Simplification26 Aug 2021
You know when your smart phone has that 'unread' notification badge on an App? That really irritates me! If you have more than 3 unread messages, don't show me your phone. I might explode with anxiety.
I've always been a fan of minimalist CMS systems. This isn't a slam against platforms like Drupal or Wordpress. I like them but for a personal site as small as mine they're all overkill. They have a time and a place. If you're a content creator who also has a blog, and will eventually sell merc to your 1M followers. Go nuts with those larger platforms. It isn't for me.
I moved this site to Grav a few years back, and it has been great! It's biggest selling point is that it uses Markdown files and doesn't require a database. It isn't perfect (- it still requires PHP), but it was a good enough.
My biggest is challenge is really my own doing. You see, I host this website on a shared server. Why? Because I'm too cheap to pay for a dedicated server. This essentially means that I'm at the mercy of the sysadmins of the providers. Normally this isn't a big deal, however a few months back Grav changed their minimum PHP version requirements. I'm sure for good reason. I do what I normally do. I wait for my provider to upgrade the required version of PHP.
Since then, the number of notification badges looking to update Grav has slowly piled up and it has been slowly driving me crazy. I just got tired of waiting.
The requirements to "run" the site is ultimately simplified. All you need is a plain 'ol vanilla webserver; not PHP, not a MySQL database either. I use my local computer to write content in Markdown and publish the site.
Jekyll isn't the only tool that does this (I'm not even sure if it is the best -- I didn't do much research) but I'm a Ruby guy at heart and it seemed simple enough to use.
A few ruby versions installation, a Jekyll version change, a strong contemplation of my life choices later and I got everything up and running.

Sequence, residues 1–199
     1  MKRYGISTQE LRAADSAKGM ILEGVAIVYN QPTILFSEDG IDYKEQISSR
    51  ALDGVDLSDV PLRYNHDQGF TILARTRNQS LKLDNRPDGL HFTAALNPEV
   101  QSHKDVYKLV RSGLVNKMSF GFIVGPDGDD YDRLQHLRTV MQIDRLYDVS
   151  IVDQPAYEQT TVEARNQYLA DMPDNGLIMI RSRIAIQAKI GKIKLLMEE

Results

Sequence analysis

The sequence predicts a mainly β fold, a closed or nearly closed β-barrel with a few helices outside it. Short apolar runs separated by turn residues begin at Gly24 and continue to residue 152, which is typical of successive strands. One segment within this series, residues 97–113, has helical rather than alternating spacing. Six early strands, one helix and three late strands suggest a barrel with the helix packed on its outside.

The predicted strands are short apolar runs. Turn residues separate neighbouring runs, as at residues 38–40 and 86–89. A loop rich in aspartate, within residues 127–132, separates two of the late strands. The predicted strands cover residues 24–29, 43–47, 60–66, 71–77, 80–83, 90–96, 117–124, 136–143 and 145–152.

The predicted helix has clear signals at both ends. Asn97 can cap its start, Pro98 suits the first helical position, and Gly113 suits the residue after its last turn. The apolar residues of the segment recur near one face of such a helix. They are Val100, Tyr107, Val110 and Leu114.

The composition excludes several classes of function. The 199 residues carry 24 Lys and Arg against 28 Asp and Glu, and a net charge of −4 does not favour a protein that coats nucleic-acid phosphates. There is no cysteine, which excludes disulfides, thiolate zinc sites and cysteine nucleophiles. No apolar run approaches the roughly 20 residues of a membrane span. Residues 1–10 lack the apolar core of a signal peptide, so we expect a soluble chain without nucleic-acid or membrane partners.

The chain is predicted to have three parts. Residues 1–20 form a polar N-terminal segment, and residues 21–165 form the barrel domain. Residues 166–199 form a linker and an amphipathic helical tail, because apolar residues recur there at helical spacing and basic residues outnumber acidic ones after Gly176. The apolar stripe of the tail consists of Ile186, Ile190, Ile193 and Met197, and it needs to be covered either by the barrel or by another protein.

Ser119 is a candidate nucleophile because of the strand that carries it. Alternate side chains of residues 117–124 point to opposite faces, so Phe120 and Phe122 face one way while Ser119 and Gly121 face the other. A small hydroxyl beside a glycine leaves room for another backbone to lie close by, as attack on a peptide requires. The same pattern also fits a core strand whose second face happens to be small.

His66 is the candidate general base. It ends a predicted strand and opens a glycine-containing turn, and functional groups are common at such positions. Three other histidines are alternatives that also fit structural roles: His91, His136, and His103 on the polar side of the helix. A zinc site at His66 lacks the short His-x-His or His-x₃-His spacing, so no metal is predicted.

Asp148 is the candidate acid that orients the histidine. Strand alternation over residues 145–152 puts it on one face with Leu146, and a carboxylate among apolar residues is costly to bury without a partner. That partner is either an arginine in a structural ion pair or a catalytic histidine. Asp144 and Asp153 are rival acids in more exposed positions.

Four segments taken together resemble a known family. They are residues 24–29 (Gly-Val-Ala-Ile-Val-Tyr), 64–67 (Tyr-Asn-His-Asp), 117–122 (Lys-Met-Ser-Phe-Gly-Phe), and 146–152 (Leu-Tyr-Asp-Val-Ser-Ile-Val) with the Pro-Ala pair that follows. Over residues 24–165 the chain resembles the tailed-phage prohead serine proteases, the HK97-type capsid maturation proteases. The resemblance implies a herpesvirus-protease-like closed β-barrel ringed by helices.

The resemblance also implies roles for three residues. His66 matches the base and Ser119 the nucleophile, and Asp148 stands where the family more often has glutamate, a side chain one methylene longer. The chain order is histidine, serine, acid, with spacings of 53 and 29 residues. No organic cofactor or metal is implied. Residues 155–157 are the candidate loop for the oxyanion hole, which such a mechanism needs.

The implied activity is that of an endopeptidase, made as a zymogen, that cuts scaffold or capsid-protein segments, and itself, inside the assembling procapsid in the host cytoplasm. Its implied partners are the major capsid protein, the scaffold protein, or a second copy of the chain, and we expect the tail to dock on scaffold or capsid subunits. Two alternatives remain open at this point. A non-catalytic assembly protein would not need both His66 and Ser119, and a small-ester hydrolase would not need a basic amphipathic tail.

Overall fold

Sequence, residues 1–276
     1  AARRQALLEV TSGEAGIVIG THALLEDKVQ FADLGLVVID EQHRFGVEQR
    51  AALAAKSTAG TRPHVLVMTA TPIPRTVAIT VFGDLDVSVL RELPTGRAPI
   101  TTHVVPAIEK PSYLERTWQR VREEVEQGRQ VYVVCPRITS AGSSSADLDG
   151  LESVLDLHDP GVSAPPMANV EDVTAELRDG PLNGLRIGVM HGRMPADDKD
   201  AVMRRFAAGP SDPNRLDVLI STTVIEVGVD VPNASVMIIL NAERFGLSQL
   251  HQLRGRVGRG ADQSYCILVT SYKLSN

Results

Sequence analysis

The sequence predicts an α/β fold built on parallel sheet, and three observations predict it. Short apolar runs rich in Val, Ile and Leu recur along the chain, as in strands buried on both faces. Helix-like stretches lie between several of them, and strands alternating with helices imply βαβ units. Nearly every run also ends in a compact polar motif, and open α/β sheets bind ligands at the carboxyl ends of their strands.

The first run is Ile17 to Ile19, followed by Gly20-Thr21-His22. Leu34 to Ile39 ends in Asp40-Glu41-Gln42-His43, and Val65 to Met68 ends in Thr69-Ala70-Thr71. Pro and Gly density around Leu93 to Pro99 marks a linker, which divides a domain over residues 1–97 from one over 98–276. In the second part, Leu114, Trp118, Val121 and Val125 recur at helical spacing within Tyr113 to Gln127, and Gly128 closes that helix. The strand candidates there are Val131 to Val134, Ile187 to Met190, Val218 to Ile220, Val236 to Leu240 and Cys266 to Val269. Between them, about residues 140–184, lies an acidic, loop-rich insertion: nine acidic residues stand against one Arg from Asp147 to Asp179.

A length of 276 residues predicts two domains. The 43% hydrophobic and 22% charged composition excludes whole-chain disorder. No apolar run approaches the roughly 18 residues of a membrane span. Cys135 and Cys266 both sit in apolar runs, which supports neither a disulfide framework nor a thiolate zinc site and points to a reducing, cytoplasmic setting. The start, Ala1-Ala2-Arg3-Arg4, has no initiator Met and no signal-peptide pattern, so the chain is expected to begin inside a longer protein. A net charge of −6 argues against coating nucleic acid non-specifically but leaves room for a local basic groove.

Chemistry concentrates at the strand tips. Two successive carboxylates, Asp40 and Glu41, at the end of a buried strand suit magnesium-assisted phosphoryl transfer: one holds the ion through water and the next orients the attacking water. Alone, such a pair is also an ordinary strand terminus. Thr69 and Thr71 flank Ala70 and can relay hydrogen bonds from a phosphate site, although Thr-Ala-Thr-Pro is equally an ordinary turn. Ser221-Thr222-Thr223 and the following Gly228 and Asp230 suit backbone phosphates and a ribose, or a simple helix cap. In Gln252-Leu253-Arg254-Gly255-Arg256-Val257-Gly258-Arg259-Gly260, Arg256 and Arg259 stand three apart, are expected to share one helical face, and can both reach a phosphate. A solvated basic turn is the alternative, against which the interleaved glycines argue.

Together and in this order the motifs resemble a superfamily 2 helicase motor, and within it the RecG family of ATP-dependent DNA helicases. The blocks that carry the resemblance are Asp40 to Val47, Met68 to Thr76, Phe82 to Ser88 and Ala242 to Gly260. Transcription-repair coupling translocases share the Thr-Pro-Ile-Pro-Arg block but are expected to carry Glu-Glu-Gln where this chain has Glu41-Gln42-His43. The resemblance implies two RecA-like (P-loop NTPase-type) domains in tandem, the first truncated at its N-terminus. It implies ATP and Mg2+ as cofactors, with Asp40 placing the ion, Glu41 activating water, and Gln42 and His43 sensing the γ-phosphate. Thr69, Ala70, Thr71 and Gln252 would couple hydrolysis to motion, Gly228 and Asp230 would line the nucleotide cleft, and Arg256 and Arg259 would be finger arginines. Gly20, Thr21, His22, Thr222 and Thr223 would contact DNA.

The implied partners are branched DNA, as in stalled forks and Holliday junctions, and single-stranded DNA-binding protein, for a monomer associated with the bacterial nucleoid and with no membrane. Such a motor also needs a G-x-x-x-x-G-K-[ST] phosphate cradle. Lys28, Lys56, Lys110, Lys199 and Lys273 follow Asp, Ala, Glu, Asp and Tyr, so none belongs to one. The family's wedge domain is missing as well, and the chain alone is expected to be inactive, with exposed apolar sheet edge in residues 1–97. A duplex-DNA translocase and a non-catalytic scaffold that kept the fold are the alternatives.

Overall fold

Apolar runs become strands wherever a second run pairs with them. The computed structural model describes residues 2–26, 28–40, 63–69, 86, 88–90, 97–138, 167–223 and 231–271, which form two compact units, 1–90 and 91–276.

So what does the workflow look like?
The initial setup installs Jekyll, and uses the
jekyll newcommand to generate a skeleton of the website. This is captured in the 'get running in seconds' on the front page of the Jekyll site.
Once you've created that skeleton. My high-level workflow looks like this:
- Create the .md (Markdown) file (and populate with content)
- This part generally differs if you're writing a blog post vs a static page
- Clean up the published folder (by default it is _site) using the
- Run the built in web server (
jekyll serve -D -H 0.0.0.0) to see your work on http://localhost:4000
- Check everything is good
- Run a clean build (
jekyll clean && jekyll build)
- Upload the files from _site to your hosting using an FTP client like FileZilla
It isn't the most optimal, I admit. Which leads me to my next step.
I used Rake, Dotenv and ncftp to smooth out parts of the workflow above starting on the last two steps. Thanks to the good 'ol Google, I found an article that had most of the commands already defined.
I added the following commands:
rake clean # this really just calls jekyll clean
rake build # this calls the clean command, and then builds the site
rake serve # this calls the clean command, and the the jekyll serve with -D and -H switches (I like to be able to access the site from different devices)
rake publish # calls the rake build, and uses ncftpput to FTP the _site folder to whats been defined in the .env file
I will probably add more as I continue to use this new tool. So if you'd like to continue to follow along my website shananigans, here is the github repository.